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Ocrelizumab and fingolimod increase the risk of COVID-19 and of worse outcomes

Presented by
Dr Nikos Evangelou, Nottingham University Hospital, UK

A nationwide study in the UK showed that MS patients using ocrelizumab or fingolimod are at an increased risk of contracting COVID-19 and hospitalisation due to COVID-19 compared with patients using other DMTs, and compared with the general population.

An immune response to COVID-19 vaccines varies between different DMTs used for MS. How does this translate into preventing COVID-19 and severe outcomes of the infection among MS patients? In order to assess this, a prospective and longitudinal cohort was formed of all MS patients in Great Britain who were using any DMT between March 2020 and August 2022. Data from 36,779 MS patients was provided by the National Health Service England and United Kingdom Health and Security Agency and comprised all COVID-19 tests, outcomes, and vaccinations. Outcomes were COVID-19 incidence, hospitalisation, and mortality compared with the general population and COVID-19-related hospitalisation and mortality in vaccinated patients. The results were presented by Dr Nikos Evangelou (Nottingham University Hospital, UK) [1,2].

Some of the results showed that in 2021, 80% of MS hospitalisations which involved COVID-19 had COVID-19 as primary diagnosis. In 2022 (until the end of August), this percentage went down to 50%. The most frequently used DMT among hospitalised MS patients with COVID-19 as primary diagnosis was ocrelizumab: 2.3% in 2021 and almost 1.5% in 2022. Looking only at MS patients who had received 2 COVID-19 vaccinations, rate of hospitalisation with COVID-19 as primary diagnosis was highest among users of anti-CD20 medications: 13 per 100 for ocrelizumab and 7.9 per 100 for fingolimod. COVID-19-related in-hospital mortality (per 1,000 people) was 0.3 for fingolimod, 2 for ocrelizumab, and 0–1.3 for other DMTs. Following a third vaccination in 2021 in the UK, no hospitalisations were measured with any of the MS DMTs except for fingolimod (14%) and ocrelizumab (6%); none of these patients died.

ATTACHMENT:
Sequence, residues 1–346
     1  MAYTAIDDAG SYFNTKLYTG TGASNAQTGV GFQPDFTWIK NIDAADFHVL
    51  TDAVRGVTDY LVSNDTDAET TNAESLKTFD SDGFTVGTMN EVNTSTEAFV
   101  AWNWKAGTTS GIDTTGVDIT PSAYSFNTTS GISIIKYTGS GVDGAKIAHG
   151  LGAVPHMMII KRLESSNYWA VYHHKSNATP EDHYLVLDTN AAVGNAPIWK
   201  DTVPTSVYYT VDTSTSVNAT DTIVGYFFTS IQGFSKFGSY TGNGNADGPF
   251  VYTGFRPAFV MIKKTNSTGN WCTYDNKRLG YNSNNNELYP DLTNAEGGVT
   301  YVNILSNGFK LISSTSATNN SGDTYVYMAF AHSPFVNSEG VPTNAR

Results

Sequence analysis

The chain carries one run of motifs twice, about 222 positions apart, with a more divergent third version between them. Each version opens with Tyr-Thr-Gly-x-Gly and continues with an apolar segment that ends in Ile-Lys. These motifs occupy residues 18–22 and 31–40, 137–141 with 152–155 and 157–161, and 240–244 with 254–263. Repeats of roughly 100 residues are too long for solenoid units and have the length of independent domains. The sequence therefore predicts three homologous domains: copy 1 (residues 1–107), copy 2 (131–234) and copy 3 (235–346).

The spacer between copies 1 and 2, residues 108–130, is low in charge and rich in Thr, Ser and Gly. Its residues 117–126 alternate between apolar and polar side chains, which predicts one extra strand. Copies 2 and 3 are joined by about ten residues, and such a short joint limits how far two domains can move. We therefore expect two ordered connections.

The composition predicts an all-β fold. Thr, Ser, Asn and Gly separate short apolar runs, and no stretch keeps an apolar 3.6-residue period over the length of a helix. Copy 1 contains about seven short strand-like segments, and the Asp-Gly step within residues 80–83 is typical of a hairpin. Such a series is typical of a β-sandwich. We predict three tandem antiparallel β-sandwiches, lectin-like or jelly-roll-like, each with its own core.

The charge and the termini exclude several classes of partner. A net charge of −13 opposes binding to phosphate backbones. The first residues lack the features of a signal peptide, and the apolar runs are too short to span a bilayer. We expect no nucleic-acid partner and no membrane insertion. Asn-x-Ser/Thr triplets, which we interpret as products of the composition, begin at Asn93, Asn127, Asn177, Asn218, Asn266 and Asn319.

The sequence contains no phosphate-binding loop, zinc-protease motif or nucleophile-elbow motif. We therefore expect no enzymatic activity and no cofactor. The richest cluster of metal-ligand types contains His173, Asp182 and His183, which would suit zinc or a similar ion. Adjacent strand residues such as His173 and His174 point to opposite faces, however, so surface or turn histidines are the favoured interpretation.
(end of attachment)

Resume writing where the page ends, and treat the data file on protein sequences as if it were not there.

Generally speaking, in 2022, mortality decreased possibly due to the widespread use of antivirals and the relatively milder Omicron variant. On the other hand, vaccination rates were declining. How to explain to an MS patient the implications on a group level of being or not being vaccinated? The presented graph reflects the situation in the UK, according to Dr Evangelou (see Figure).

Figure: Effect of COVID-19 infection on MS patients in the UK on a DMT [1]

  1. Evangelou N. Effectiveness of COVID-19 vaccines in people with multiple sclerosis receiving disease-modifying therapies: a total population study of National Health Service (NHS) England. Abstract O137, ECTRIMS 2022, 26–28 October, Amsterdam, the Netherlands.
  2. Garjani A, et al. Mult Scler Relat Disord. 2022;57:103458.

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